The second day of heavy vog
Makes me contemplate the quality of living.
Gorgeously sunny days are marred by thick air and a loss of horizons
So it suffocates with a reddish hue and makes me think the world is on fire.
Helicopters beat the ground they fly so low.
Civil Defense flyovers, looky-lou VIPs and tourists have the route on repeat.
My daughter yells for silence when the lava eruption updates
Break the monotony of songs and ads on the radio.
She’s six. All she really understands is she moved schools because of the lava.
My throat burns with heavy metal particulates and
My eyes well up with thoughts of my old routine that included Pahoa.
The best part of living on an island is the expansiveness of the ocean
But this gray haze cuts the world off at the next line of trees.
This oceanless island is laid heavy with tulle, the same stuff of childhood dresses,
Only this time, it doesn’t add beauty to the overall picture,
Just opaque color and itch.
Some small part of me is thankful for the vog because it brings the lava to everyone’s attention.
Most other days, only the residents of Puna think about it
Because they’ll be the only ones affected.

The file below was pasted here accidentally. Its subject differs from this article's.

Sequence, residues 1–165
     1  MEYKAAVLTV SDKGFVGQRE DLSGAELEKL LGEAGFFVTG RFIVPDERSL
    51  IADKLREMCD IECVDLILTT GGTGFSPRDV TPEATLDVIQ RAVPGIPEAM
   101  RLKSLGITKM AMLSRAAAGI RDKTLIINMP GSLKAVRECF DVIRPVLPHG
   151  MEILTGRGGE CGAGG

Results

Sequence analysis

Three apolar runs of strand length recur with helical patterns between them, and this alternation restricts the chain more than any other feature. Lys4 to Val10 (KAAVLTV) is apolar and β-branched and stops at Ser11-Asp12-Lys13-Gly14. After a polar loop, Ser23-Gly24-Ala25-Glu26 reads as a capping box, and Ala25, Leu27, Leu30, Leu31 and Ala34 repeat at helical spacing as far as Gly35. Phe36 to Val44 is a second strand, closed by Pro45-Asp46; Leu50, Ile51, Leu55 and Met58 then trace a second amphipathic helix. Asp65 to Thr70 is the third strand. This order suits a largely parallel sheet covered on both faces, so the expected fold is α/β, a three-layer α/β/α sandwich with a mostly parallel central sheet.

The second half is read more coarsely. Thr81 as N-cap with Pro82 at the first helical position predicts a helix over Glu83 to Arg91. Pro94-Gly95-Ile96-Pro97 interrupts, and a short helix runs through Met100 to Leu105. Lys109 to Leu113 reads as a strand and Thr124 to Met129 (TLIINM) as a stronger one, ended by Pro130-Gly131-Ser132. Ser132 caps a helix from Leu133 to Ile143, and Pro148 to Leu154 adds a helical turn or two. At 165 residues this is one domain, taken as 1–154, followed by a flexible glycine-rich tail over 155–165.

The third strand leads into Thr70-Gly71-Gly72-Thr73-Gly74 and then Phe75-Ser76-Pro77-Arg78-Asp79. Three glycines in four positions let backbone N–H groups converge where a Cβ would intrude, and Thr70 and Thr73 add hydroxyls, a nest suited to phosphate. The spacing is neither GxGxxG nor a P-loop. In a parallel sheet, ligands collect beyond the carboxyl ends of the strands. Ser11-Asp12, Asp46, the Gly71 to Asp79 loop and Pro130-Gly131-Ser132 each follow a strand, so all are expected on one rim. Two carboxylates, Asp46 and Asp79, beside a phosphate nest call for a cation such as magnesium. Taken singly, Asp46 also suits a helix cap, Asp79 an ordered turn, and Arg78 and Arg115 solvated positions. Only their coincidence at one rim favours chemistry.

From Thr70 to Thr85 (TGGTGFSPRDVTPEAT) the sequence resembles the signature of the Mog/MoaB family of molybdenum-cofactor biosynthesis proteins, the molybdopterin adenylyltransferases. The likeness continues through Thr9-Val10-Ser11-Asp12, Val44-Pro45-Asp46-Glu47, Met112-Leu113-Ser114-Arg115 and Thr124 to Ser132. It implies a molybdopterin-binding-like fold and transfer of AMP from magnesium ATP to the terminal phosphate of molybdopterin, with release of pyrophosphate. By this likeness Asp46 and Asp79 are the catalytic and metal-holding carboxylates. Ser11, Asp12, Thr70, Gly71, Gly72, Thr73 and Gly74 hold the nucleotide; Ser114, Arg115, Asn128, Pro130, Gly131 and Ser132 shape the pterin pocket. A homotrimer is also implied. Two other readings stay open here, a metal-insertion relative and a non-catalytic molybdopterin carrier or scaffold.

My, my, what a difference twenty miles makes.
Cheap land and an edge of the world atmosphere brought people here,
Ironically, those may be the same things that start an exodus
When the lava crosses the only civilized highway.
Pele created these Hawaiian Islands,
She’s played in Puna for the last thirty years and
It’s clear she’s not done yet.
The question of where she’ll go next is on every Punatic’s mind,
Yet after all the stops and starts since she began her trek toward Pahoa on June 27, 2014,
An acceptance has settled.
Many have left already, those staying will stay because they have to,
And those caught in between are waiting…
Hoping for the fits of a native Hawaiian goddess to end.
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